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Congress Takes Up Zika Again

detail of a vial of the NIAID Zika Virus Investigational DNA Vaccine
A vial of the NIAID Zika Virus Investigational DNA Vaccine.
Photo courtesy the National Institute of Allergey and Infectious Diseases (NIAID).

Congress returned to Washington this week – whether it got back to work is a matter of opinion – and that means it’s time to renew the politicking and posturing over Zika.

Since I last wrote about American politicians’ response to the disease, about 20 more locally transmitted cases have been found in Florida, almost all in the greater Miami area. The much-feared spread of transmission across much of the Southeast coast has apparently not happened yet. This may be because of dumb luck, a conveniently timed drought that is suppressing mosquitoes in much of the region, or more effective and vigilant mosquito control efforts. These factors are not mutually exclusive, of course. In fact, it is likely more than one of them is at play.

The problem is vastly greater in Puerto Rico, where Zika began spreading months before it did on the mainland, but so far no large number of adverse consequences have been reported there, either. This tracks to some extent with what has happened in Brazil and other South American countries. In those places, Zika produced large numbers of devastating birth defects in some regions – generally poor and rural – but not in more developed cities where the virus-carrying mosquito is also prevalent.

According to the Centers for Disease Control and Prevention, out of the over 600 pregnant women in the mainland U.S. who show evidence of possible Zika infection, 16 of those pregnancies resulted in infants with birth defects and five ended in stillbirths or miscarriages with some evidence of similar defects as of late August. While these results are sobering, for now they fall well short of earlier studies suggesting that 13 or even up to 29 percent of infected women would have serious complications with their pregnancies.

Scientists are not sure what accounts for the “missing” birth defects, but there is growing suspicion that there is another contributing factor that is present in some places but which may be absent in others, possibly including stateside locations. Time and further research will likely tell.

In the meantime, Republicans and Democrats could not get together on emergency federal funding for anti-Zika efforts before lawmakers recessed for the summer. A good case can be made that they won’t get together in the fall, either, because each party’s base has drawn red lines around the issue. For Republicans, any of that funding going to Planned Parenthood is a no-go because of the organization’s provision of abortion-related services, even if the Zika money itself is allocated for other uses. For Democrats, making a point of including Planned Parenthood is equally important, as is the principle that “emergency” Zika funding should not be offset with spending cuts elsewhere in the federal budget – even if the spending is for previously allocated but unused funds for fighting Ebola (whose outbreak has been contained outside this country) or for Affordable Care Act activities.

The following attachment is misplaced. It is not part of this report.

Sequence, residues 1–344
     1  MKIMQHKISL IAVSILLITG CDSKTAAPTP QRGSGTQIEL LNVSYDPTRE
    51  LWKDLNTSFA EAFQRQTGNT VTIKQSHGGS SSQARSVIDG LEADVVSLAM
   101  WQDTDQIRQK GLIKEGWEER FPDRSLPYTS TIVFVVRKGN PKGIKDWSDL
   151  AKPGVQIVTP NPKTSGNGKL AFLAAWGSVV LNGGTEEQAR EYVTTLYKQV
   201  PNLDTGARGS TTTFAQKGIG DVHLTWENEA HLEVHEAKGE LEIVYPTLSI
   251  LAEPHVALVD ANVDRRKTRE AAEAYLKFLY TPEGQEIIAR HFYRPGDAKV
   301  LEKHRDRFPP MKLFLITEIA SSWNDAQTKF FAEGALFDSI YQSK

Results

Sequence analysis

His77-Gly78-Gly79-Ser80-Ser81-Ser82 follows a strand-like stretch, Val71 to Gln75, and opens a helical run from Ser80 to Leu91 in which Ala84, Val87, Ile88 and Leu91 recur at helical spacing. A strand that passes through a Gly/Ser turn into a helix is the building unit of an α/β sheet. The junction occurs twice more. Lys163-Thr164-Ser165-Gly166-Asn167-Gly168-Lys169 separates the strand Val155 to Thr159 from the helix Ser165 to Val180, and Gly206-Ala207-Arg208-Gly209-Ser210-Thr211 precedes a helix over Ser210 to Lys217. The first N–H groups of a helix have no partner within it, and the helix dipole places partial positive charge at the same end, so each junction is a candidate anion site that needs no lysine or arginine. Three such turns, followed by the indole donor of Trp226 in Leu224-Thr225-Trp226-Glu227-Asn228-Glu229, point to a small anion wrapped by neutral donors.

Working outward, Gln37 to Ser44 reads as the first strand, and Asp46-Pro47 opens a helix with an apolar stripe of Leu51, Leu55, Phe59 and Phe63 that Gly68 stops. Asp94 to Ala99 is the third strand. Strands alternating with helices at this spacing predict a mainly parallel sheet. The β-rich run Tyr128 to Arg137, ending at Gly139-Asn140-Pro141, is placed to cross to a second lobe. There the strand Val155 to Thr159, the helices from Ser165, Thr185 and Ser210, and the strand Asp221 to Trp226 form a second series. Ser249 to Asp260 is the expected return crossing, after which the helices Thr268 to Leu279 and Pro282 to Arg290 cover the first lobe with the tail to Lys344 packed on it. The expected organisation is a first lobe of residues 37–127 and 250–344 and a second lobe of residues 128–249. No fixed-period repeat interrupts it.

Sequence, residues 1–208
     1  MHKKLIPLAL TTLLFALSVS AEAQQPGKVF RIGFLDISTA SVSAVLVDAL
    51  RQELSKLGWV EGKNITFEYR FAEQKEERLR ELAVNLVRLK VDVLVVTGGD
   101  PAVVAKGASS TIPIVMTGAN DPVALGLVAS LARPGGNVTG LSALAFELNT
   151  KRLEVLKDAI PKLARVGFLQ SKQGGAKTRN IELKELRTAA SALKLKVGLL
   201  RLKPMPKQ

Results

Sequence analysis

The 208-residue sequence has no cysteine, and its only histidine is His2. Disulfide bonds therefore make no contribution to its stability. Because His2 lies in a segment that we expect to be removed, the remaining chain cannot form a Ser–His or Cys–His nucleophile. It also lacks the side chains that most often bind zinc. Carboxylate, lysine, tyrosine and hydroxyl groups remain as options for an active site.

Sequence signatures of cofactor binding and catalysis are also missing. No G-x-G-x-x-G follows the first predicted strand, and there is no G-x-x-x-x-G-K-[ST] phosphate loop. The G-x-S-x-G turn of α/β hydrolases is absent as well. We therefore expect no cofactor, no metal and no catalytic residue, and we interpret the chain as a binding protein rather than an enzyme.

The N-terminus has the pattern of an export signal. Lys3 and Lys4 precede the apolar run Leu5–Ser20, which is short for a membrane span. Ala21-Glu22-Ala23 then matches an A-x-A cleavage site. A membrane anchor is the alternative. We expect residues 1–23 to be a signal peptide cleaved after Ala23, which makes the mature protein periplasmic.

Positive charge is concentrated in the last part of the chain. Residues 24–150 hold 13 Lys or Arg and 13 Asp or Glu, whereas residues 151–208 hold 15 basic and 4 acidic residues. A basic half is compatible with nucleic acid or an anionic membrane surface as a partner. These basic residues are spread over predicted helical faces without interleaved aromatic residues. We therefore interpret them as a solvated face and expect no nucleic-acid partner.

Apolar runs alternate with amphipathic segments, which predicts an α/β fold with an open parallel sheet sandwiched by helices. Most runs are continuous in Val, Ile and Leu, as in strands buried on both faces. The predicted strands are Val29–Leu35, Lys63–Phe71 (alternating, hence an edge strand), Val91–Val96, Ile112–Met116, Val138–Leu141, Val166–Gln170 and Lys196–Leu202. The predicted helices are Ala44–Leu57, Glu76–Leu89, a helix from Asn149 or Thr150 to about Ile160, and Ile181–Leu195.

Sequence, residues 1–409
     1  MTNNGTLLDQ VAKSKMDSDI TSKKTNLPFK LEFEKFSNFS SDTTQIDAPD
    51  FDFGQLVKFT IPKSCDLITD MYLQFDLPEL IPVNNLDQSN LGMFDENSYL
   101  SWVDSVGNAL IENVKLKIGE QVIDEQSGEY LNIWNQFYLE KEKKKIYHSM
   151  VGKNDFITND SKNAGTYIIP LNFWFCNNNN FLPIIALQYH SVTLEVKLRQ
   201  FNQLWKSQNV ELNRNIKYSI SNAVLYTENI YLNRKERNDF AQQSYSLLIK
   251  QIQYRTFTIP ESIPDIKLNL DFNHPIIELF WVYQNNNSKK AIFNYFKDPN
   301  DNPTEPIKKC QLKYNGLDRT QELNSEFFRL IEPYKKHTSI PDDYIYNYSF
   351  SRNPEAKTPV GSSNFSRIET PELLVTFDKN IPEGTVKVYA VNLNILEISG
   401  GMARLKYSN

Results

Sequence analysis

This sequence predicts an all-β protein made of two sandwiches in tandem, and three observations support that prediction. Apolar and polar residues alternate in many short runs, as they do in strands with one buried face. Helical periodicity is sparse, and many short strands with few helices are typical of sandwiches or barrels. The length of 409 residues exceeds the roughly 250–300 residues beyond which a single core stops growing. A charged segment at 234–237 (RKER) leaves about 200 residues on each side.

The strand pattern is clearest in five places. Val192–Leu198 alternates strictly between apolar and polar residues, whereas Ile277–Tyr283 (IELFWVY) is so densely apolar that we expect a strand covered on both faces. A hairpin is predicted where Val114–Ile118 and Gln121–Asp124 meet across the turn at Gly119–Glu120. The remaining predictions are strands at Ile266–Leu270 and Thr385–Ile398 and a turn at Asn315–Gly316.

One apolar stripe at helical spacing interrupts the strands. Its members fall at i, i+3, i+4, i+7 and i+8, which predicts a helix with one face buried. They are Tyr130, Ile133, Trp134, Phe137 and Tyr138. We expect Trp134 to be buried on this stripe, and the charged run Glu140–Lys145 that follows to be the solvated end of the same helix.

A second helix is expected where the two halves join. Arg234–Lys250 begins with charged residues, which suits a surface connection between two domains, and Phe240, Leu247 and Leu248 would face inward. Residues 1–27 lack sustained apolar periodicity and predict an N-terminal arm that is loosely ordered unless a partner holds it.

As important as these principles are to each party, my guess is that the risk of being blamed for the fate of a baby born with a Zika-linked birth defect, and especially of having images of that baby go viral on social media just before the election, is even greater. It is a risk neither party can reasonably want to run. So without giving an iota of credit to any particular lawmaker for actually caring about the problem or considering whether the emergency funding will accomplish anything noteworthy, I think it is more likely than not that Congress will pass some sort of Zika funding bill in the next month or two. Florida’s Republican Sen. Marco Rubio, a Miami resident who probably cares more about this issue than most of his peers, tried to break the logjam after the Senate again failed to pass Zika funding on Tuesday, with a proposal to attach the spending to legislation that Congress must pass to keep most of the government operating past the fiscal year end on Sept. 30.

As cynical as all this sounds, and I think it’s plenty cynical, this is not very different from how most legislation gets passed. You need to assemble a coalition, usually involving members of both parties. And unless it is an unreachably large coalition, in today’s environment you also need the assent of a president to get anything done. The increasing polarization of our parties has made this result harder to achieve, but the mechanical and political considerations are pretty much the same as always.

When enough politicians of both parties think voting in favor of something is the best course of action, something gets done. I’d look for some Zika funding to get done before November, if not via Rubio’s proposal, then by another avenue.

Larry M. Elkin is the founder and president of Palisades Hudson, and is based out of Palisades Hudson’s Fort Lauderdale, Florida headquarters. He wrote several of the chapters in the firm’s book, Looking Ahead: Life, Family, Wealth and Business After 55. His contributions include Chapter 1, “Looking Ahead When Youth Is Behind Us” and Chapter 4, “The Family Business."

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